Boston, MA (PRWEB) April 10, 2015
Foods made from whole grains, the hard, dry seeds of plants, have been a nutritional staple for thousands of years. They provide a wealth of heart-healthy nutrients, including fiber, vitamins, minerals, good fats, enzymes, antioxidants, and phytonutrients, according to the April 2015 Harvard Heart Letter.
Eating whole grains instead of highly processed grains has a wide range of health benefits, such as lowering blood pressure, blood sugar, and blood cholesterol, and reducing chronic inflammation. "It is likely that all the components of whole grains work in concert to confer these benefits," says Dr. Frank Hu, professor of nutrition at the Harvard T.H. Chan School of Public Health.
In two long-running studies, Dr. Hu and colleagues found that people who ate about two-and-a-half servings of whole grains a day were about 5% less likely to die of any cause than those who ate smaller amounts. (In this study, one serving of whole grains was one ounce, or 28 grams.) For each additional daily serving, people were about 9% less likely to die of heart disease. The researchers also found that replacing refined grains and red meats in your daily diet with an equal amount of whole grains can potentially lengthen life by 8% to 20%.
The typical American diet is loaded with highly refined grains that have been stripped of many of their nutrients and milled into a fine-textured carbohydrate. These low-quality carbohydrates, which include white rice, white bread, pastries, and other products made from white flour, are easier to cook and store than whole grains. But they lack the nutritional clout of their whole-grain cousins, even when they have been fortified with added vitamins and minerals.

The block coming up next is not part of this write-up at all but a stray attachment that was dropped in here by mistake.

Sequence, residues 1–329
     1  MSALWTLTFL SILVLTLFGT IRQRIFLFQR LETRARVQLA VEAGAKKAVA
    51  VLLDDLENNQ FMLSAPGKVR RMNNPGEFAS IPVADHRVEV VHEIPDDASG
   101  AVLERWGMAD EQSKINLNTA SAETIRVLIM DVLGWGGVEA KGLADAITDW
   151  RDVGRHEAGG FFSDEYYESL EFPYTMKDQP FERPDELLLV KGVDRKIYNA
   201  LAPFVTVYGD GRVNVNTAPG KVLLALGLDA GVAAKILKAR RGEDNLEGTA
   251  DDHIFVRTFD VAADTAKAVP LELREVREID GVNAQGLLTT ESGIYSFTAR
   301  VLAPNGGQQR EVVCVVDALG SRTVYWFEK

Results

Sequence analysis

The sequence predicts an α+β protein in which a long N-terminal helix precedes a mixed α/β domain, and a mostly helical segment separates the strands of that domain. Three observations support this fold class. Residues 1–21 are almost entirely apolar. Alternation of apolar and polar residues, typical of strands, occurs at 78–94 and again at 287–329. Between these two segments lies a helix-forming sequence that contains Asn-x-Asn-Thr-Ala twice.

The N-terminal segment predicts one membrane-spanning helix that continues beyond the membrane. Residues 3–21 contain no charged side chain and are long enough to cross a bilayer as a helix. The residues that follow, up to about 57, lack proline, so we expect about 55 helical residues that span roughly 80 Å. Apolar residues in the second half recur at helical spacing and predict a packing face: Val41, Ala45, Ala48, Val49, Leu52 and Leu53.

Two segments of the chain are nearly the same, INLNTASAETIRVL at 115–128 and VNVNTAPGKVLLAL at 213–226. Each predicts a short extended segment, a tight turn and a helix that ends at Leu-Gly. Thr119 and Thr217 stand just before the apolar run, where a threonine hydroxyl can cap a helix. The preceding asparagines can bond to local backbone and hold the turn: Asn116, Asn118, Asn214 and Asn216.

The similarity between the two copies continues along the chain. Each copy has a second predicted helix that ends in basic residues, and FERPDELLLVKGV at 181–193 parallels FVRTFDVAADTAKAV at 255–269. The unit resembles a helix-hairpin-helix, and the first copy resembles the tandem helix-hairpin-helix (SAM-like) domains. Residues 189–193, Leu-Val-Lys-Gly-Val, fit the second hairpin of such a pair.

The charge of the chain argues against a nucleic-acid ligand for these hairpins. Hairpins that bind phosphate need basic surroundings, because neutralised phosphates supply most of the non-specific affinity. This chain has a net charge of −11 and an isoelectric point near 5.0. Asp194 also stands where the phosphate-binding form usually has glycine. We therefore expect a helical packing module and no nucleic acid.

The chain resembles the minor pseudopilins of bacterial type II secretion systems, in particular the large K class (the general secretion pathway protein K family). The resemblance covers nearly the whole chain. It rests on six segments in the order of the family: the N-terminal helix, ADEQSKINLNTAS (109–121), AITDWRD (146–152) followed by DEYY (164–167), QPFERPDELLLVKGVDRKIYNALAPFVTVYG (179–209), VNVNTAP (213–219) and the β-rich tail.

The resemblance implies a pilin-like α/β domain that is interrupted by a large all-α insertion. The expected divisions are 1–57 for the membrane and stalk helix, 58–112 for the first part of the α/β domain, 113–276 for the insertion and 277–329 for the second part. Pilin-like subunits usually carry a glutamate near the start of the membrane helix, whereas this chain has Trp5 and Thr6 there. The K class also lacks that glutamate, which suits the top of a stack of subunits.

Refined grains also lack dietary fiber, the part of plant foods that the body cannot digest. As fiber moves through the digestive system, it absorbs water and helps the body eliminate food waste more quickly. Fiber helps lower blood pressure, cholesterol, and blood sugar. It's also filling, which helps people eat less and perhaps lose weight, which also carries cardiovascular benefits.
Read the full-length article: "Reaping gains from whole grains"
Also in the April 2015 Harvard Heart Letter:
- Yoga's health advantages may extend to the heart
- Smartphone apps for blood pressure
- High blood sugar's effect on the brain
The Harvard Heart Letter is available from Harvard Health Publications, the publishing division of Harvard Medical School, for $20 per year. Subscribe at http://www.health.harvard.edu/heart or by calling 877-649-9457 (toll-free).
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